Saturday June 1st was the eleventh in Cafe Reason’s series of Diamond Nights.  Conceived as a platform to share and show experiments and new work it continues to offer the chance to see interesting and experimental pieces in a small theatrical environment.

The evening began with Fabrizia Verrechia performing three pieces of Indian Classical Bharatanatyam dance.  Besides the beautiful, expressive dancing and lovely costume, Fabrizia introduced the audience to a little background information about this traditional form and also some of the meanings of the gestures.  This was interesting in itself and reminded me of the difference there can be in fully appreciating a classical dance form such as ballet and the means used to tell a story compared to a contemporary work. 

Following this Flavia Coube entered the space as a little bent figure, vigorously shaking her hand as she crossed the stage, at times contorting her body and screwing up her face.   Both playful and mysterious this was a very successful third part of Flavia’s triptych exploring the three stages of woman and was greeted by great audience approval.

The first half finished with Fractofusus, a five-strong group of female composer/musicians(Anne L Ryan, Camilla Cantata, Jill Elliott, Trish Elphinstone and Amy Thakurdas).  Three pieces flowed from one to the next and saw them move from experimental instrumental with voice to more subtle whispers and vocalisations evoking the names and sounds of trees.  The last piece used singing bowls and voice.  Their work Making Sound Sense of Trees was both challenging and absorbing with plenty of atmosphere and subtlety.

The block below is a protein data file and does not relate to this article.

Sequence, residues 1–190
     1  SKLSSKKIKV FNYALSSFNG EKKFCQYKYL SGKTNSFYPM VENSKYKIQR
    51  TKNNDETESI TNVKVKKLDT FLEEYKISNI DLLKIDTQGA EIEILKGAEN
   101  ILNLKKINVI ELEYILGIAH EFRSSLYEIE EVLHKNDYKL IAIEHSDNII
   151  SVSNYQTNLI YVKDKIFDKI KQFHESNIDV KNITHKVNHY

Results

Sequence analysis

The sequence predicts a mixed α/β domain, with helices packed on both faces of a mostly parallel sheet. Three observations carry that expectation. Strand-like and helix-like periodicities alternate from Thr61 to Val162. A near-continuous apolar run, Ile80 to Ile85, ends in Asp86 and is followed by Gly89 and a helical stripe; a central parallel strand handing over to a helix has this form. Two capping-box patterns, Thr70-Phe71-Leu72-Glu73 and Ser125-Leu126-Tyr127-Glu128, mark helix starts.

After the break we saw the third of four films based on the elements by Peter Jones.  This was Water.  Quite mesmerising images of flowing water, light catching ripples and sudden unexpected images of beach, surf or underwater weeds and world were cut to the sounds of bowls and a drum and bass beat, creating a trance like effect.

In the darkness that followed the next act entered beginning with whispers and mouth sounds (Anne L Ryan).  Light gradually came up to reveal toes and fingers moving.  As the body (Jeannie Donald McKim) advanced further in to the light there was silence amplifying the expressiveness of the dance and face.  The voice reappeared, singing this time, carried forward by its body and the dancer continued. Voice and movement perfectly complementing each other in a relationship which ended in an extended stillness – a happy accident of an uncertain lighting cue.

In the next piece a stool and guitar on its stand were brought on stage and then faded from view.  The lights came on at the strum of the guitar to reveal a woman singing.   Lights off.  Lights on and she is facing the other way and wearing different clothes.  Lights off and she is back to how she was.  ‘Do your eyes deceive you?’  she asks. ‘Or your prejudice?’  From here the performer – Patrissia Cuberos – advances and addresses the audience directly explaining how she is creating a bridge between the past and us here in the present telling the story of Malena from the beginning of the last century.  The audience directly asks questions and the story flows.  Disconcerting in her frankness and audience communication, bold and compelling, this was an unusual act including some amazing singing.

The evening was rounded off with a group improvisation by members of Café Reason joined by Fractofusus – a first off collaboration.  As I joined in I have no idea what it looked like for the audience, but we kept it quite short.

In addition to the performers, Diamond Nights also depends on people helping with lights, sound and stage management.  This Diamond Night was supported in this way by Pete, Peter, Martin, Szymon and Majek to whom grateful thanks.  None would be possible without the access to the space itself, thanks to Oxford Brookes

Ana Barbour

4th June 2013